This is a green ink for people who think they do not like green inks. It is cheerful and bright, but not blinding or sickening. It has a very lovely red sheen, but not so much that it makes you dizzy. It is named after the Daintree Rainforest and if you still do not like green inks, at least look up the pictures of this rainforest online. Those are instant stress relievers.


This ink would make a very nice daily writer, as well as a great accent ink for journaling. If you love green inks, this is a great addition to your green stash. It’s the next to go into my mint Kaweco when I’ve finished the current load of Akkerman Groenmarkt Smaragd.

Have you tried Blackstone inks or any of the other Australian ink brands currently on the market? I’d love to hear what you think if them.

Quick disclaimer: I bought these samples myself, for my own use, pleasure and testing. I am not affiliated with Blackstone or Appelboom.

Thank you as ever for reading and until the next post!

Freshly inked and first impressions

It’s a lovely sunny, activity-filled Sunday, so a quick post of some freshly inked pens and a couple of first thoughts of pens that came in over the last couple of weeks.


From top to bottom:

  • Pen: Aurora Optima Burgundy, medium nib. Ink: Aurora Black. I love this pen-and-ink combination, I have started using it as my bujo pen and ink, because I find that the simple bujo style in black suits me best. More on that next Sunday when I’ll update you on my bujo experiences.
  • Pen: Bexley Gaston’s Angels, stub nib. Ink: Noodler’s Lexington Gray. I needed a bulletproof ink in one of my pens, but I will not hang on to this combination. The Lexington Gray is just too wet in the Bexley, even for my taste. Might try it in the much dryer-writing black Kaweco later.
  • Pen: Montegrappa Fortuna Mosaico Marrakech, medium nib. Ink: Private Reserve Lake Placid Blue. I really like this pen and ink combination, the ink complements the blue hues in the lovely material of the Marrakech. The ink tends to run dry in the nib pretty quickly, so it needs to be used regularly.
  • Pen: Kaweco Skyline Sport Black, medium nib. Ink: Graf von Faber-Castell Deep Sea Green. I bought this pen because I wanted to try the medium Kaweco nib. I was not happy at all with how it wrote out of the box. Dry, scratchy and more like a fine. So I rinsed the pen, flossed the tines and feed with a brass sheet. Didn’t help. Then I stubbed the nib and the ink line has slightly improved. Next ink in is the Noodler’s Lexington Gray, to see if that will give a better ink flow.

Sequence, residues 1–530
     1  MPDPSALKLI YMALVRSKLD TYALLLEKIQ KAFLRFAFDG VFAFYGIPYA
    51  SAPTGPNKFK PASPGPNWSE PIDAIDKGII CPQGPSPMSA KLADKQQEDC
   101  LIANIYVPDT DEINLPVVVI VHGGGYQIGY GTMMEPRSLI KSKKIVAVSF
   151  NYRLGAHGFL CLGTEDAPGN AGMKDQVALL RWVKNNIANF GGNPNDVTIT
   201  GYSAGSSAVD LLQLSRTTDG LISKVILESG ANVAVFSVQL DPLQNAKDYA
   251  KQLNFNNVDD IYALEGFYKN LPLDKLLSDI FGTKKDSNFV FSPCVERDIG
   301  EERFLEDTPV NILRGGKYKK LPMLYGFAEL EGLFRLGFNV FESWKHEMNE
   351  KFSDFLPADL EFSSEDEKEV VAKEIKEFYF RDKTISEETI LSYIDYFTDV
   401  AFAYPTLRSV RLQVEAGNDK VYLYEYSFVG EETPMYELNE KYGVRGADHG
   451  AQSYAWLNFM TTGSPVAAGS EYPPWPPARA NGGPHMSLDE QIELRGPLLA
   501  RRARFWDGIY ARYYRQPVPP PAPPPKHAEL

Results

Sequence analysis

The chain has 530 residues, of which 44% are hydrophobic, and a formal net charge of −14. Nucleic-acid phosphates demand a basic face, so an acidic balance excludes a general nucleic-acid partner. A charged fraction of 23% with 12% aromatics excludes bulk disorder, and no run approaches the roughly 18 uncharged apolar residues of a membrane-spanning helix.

• Pen: Sailor 1911 Standard, Zoom nib, ground to an architect by John Mottishaw. Ink: Blackstone Barrier Reef Blue. Another great shading and sheening Blackstone ink in this pen after the Sydney Harbour Blue I had in it before. I only have samples of both inks, so now I’m contemplating which to get as a full bottle…
  • Pen: TWSBI Eco Clear 1.1 stubby italic nib. Ink: Robert Oster Signature Forest Green. A lovely combination, I think. The ink sloshes around like a lovely jewel in the piston filler and the flow is excellent. Nice calm green, good shading but not much sheen on this paper (G. Lalo Verge de France).
  • Pen: Pilot Prera Vivid Pink, fine nib. Ink: KWZ Ink Raspberry. This is my now favorite modern fine steel nib. It feels just right, this is definitely a fine nib that suits people with largish handwriting like I have when writing in this style. Great pen for office use on not so great paper. The pink of the body is very hard to capture in photos, so if you are one for hot pink pens, this is one for you. I love the combination with the bright yet still eye-friendly pink Raspberry ink.
  • Pen: Pelikan Twist Jungle, medium nib (comes in only this nib size) which I ground into a fine-medium architect. Ink: J. Herbin Poussiere de Lune. The soft violet ink combined with the light taupe of the pen is a combination that speaks to me. The Pelikan writes very well for an 8-9 Euros pen. I liked it so much, I ordered the final pen in this list not long after…
  • Pen: Pelikan Twist Bronze, medium nib. Ink: Kaweco Caramel Brown. I have not worked on this nib, because I like it as it is. And you cannot grind all your nibs into architects. That would not be sane… right…? Anyway, this nib has a slightly stubby feel to it so there is some very slight line variation. I love the Kaweco ink in this pen. The cola-colored ink suits the bronze Pelikan very nicely. It’s a nice pen if you are looking for an ergonomic grip but you are not after a kiddy-colored pen. Even though those are darn cute as well! This grip suits both right- and left-handed writers, by the way.

Would you like to know more about these or other pens or inks on my blog, be sure to send me a comment. Have  great week and thank you as ever for reading! As always much appreciated! OK, one more pic…